Stopped for a late' and Hummingbird cake.
Perhaps we should have had the cupcake before and not at the end of the walk.
John thought great cake containers, but I have my eye on them, water containers for my paint brushes.

Sunday, May 17, 2015

Fibre Arts 10 x 10

We are also asked to bring along a piece of work 10 x 10 x 10 (4 inches sq) for the "Intimate Exhibition".
The proceeds ($10 per piece) will go to Mind Australia, a charity, who supports clients with mental disabilities to live independent, productive and satisfying lives through a comprehensive range of services.
 I have been drying Japanese Maple leaves for my class.
 I bought an old tissue book from the Antique Market,
 set up in the next hall to the Yokohama Quilt Show.
 Some yarn found in the drawer of my textile bits and pieces.
 Dyed and Batik pieces of fabric.
John was given a beautifully wrapped box of biscuits by a Japanese gentleman who he has been meeting with for work.
"Japanese Maple".
I learnt in Japan that less is more and simple straight lines are used.

Friday, May 15, 2015

Fibre Arts 15 x 15

At the Fibre Arts Winter School, in July, we are asked to bring along a piece of work 15cm x 15cm, which is then sold for $15, which goes towards the Scholarship fund.
 I took a photo of a door in Dijon, France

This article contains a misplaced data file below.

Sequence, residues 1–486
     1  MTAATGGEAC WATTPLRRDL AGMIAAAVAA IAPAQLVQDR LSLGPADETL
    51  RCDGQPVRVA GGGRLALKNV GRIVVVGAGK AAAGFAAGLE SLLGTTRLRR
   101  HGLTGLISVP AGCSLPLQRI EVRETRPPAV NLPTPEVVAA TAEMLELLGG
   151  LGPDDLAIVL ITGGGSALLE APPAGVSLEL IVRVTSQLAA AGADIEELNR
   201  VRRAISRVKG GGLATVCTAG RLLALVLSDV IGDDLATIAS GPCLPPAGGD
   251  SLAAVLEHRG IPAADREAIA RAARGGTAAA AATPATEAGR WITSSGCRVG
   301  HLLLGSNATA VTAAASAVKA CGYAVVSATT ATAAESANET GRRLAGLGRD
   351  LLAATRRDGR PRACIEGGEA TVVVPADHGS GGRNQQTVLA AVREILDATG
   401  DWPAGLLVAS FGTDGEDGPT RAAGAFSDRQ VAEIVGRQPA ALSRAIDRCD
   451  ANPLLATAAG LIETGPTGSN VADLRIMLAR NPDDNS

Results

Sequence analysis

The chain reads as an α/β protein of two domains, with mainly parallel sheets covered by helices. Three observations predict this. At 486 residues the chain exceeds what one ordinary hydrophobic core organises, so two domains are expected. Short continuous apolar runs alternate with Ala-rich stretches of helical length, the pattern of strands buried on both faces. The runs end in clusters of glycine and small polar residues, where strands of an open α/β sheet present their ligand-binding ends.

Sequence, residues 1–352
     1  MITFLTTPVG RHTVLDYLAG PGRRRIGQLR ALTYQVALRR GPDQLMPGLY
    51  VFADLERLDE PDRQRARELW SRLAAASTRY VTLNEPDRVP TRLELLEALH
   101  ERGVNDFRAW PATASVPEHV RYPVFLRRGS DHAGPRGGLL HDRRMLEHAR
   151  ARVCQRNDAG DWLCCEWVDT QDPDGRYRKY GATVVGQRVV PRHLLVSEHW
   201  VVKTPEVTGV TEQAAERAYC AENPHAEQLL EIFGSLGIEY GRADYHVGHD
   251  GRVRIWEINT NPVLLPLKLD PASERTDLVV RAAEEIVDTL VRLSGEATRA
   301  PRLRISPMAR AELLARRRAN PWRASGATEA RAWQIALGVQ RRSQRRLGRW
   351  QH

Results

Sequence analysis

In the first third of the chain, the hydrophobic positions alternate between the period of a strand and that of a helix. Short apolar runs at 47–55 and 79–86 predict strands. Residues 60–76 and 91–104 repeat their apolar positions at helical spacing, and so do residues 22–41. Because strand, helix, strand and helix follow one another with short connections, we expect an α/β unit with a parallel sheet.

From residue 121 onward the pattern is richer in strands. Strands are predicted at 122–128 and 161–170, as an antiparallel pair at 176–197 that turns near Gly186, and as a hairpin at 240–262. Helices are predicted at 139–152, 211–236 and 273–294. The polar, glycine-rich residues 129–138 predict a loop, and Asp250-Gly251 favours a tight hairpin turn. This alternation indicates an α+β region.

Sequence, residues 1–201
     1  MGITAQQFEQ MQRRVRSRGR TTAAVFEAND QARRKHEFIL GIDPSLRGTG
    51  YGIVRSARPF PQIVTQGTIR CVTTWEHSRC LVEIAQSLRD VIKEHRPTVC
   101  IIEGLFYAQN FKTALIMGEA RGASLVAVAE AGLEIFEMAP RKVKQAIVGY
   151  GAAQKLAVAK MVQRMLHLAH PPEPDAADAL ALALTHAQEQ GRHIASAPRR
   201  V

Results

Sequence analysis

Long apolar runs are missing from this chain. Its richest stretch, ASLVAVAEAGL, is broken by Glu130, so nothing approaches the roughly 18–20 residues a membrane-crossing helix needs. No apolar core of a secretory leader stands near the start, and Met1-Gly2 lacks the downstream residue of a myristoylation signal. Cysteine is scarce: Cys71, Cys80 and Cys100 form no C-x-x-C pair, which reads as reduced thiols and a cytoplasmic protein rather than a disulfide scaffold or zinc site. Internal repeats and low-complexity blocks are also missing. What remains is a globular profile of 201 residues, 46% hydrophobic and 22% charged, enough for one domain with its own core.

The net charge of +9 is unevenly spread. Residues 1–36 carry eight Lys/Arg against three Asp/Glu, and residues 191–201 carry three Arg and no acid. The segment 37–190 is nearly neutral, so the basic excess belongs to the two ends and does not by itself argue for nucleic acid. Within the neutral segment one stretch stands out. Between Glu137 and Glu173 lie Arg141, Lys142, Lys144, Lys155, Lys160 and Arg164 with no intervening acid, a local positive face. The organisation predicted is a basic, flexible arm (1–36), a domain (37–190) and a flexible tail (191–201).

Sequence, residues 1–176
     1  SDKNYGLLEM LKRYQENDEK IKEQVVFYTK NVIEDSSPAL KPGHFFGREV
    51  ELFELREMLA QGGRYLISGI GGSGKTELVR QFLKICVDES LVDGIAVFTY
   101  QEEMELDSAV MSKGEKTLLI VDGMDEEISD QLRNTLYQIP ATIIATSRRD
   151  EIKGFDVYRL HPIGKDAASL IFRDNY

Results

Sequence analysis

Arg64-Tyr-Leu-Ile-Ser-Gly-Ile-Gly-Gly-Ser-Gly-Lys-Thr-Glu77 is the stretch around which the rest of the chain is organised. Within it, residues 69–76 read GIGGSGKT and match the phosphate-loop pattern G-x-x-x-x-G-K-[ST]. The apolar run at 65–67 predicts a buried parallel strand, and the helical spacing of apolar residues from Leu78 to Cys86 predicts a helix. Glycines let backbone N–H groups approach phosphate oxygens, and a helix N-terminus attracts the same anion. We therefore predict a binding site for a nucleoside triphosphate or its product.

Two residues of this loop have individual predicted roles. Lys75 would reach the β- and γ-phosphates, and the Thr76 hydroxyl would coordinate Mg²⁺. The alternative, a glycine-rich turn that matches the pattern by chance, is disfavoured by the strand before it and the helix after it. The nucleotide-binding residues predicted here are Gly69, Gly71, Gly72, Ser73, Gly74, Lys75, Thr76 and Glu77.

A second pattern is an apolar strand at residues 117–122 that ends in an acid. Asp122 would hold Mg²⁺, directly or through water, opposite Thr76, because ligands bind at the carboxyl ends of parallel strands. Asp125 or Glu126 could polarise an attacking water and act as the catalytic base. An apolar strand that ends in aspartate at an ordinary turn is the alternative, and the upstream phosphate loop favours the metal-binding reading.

At last years Fibre Arts class I was taught a method by my teacher Lucy Worsley.
Take a photo copy (I got it in reverse), place it on some fabric and machine the photo.
When turned over,you have the stitching of the door.
 I cut out the photo door frame and placed it over the stitching.
 Placed on a background of book pages, stitched, used tea bags, rubber stamping 
and zig zag stitched background.
Stitched branches and stamped leaves and added French postage stamp from my childhood stamp album.
Piece finished and one more to do.

Friday, May 8, 2015

Faux Leather Workshop

At our Art Play group, my friend Joy showed us how to make Faux leather.
Fascinating, as who would have thought we would get what we did out of a paper bag.
 Collect a few assorted paper bags, open the bag and discard the glued sections,
then paint with brown acrylic paint.